India’s anti-terrorism agency arrests prominent Kashmir activist

SRINAGAR, India (AP) – India’s anti-terrorism investigation agency has arrested a prominent human rights activist in Indian-controlled Kashmir in a …

SRINAGAR, India (AP) – India’s counter-terrorism investigation agency has arrested a prominent human rights activist in Indian-controlled Kashmir in a new repression of rights groups in the disputed region.

The National Investigation Agency, aided by police and paramilitary soldiers, on Monday raided the home and office of Khurram Parvez in Srinagar and searched them for many hours, said his wife Samina, who uses only one name. They also confiscated Parvez’s cell phone, laptop and some books along with her cell phone before arresting him, she said.

The agency did not issue a statement on Parvez’s arrest, but an official note given to his family said he was detained under several sections of India’s anti-terrorism law, the Law on the Prevention of Illegal Activities.

Parvez, 42, is the program coordinator for the rights group Jammu and the Kashmir Coalition of Civil Society, which has written reports of violence involving some of the hundreds of thousands of Indian troops in the region. The group has highlighted the expansive powers given to Indian troops, which it says lead to a culture of impunity and widespread rights violations in the region.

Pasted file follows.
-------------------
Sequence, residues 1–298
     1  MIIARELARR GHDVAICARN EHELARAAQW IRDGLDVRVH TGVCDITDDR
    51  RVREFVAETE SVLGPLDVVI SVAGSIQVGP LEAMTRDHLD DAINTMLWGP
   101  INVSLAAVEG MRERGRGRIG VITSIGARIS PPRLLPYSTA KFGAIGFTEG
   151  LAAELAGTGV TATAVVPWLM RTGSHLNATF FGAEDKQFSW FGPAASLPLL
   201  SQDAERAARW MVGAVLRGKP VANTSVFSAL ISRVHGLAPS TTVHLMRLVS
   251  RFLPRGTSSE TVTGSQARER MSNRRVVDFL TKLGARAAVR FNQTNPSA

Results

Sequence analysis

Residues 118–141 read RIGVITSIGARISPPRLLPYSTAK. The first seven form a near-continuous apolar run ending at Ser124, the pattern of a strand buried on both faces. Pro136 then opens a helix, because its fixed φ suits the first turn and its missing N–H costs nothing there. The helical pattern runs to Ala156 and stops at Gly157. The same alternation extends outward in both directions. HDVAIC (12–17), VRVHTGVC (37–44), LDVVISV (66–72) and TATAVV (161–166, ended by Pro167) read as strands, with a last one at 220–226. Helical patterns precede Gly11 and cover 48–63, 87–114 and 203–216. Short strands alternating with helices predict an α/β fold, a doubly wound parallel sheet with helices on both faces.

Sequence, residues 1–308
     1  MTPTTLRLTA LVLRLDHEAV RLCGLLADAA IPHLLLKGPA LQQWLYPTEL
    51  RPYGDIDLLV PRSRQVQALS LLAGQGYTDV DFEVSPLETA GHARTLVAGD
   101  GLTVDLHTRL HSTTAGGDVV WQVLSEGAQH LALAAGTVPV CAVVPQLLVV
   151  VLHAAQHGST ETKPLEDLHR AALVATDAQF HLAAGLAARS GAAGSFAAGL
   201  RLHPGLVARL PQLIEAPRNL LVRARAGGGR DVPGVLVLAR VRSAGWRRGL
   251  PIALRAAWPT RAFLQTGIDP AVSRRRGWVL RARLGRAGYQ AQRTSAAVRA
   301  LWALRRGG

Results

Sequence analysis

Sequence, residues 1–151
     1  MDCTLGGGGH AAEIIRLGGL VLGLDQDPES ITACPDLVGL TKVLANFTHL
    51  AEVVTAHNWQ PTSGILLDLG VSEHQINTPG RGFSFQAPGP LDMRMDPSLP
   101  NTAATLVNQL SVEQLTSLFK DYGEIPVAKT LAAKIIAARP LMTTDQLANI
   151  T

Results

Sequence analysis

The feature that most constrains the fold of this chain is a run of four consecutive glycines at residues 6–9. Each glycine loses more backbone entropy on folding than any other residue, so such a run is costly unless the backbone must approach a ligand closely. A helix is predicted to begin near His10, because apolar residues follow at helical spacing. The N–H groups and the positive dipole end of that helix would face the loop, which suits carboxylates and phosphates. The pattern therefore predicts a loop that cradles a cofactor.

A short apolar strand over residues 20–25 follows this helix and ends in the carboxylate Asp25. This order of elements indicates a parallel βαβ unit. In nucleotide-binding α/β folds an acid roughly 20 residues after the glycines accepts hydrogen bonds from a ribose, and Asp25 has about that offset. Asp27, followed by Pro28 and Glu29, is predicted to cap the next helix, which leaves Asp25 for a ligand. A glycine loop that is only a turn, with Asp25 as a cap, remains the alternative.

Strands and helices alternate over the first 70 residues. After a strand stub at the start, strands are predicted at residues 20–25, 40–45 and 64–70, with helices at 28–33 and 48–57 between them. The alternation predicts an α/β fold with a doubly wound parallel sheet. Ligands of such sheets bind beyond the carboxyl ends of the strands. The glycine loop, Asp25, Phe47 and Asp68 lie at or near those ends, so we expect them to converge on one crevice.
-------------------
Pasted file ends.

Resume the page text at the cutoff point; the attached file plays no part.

Parvez is also president of the Asian Federation Against Involuntary Disappearances, a Philippine-based international rights organization investigating forced disappearances in Asia. He received the Reebok Human Rights Award in 2006.

Many rights groups and activists criticized Parvez’s arrest.

“He is not a terrorist, he is a human rights defender,” UN Special Rapporteur on Human Rights Defenders Mary Lawlor wrote on Twitter.

Last week, Parvez’s group criticized government forces for killing three civilians during a raid on alleged rebels in Srinagar. Their bodies were secretly buried by Indian police in a remote cemetery without their families present.

The bodies of two civilians were later exhumed and returned to their families following protests from the families, who said Indian troops used their relatives as human shields and killed them in cold blood.

The National Investigation Agency also raided Parvez’s home and office last year along with several activists and journalists, seizing him research material, telephones and computer hard drives.

In 2016, he was detained under the Public Security Act after being prevented from traveling to Switzerland to attend a session of the UN Human Rights Council. The law allows detention of people for up to two years without trial, but Parvez was released after 76 days after pressure from international rights groups. A court in Kashmir called his arrest illegal.

The Indian government has increasingly applied the anti-terrorism law against rights activists, journalists and dissidents in Kashmir.

The intervention worsened especially after August 2019, when India scrapped the disputed region’s special status, annulled its separate constitution, split the region into two federal territories and removed inherited protection on land and jobs.

Kashmir is divided between India and Pakistan, and both claim the region as a whole. Most Kashmiris support the rebels’ goal of uniting the territory, either under Pakistani rule or as an independent country.

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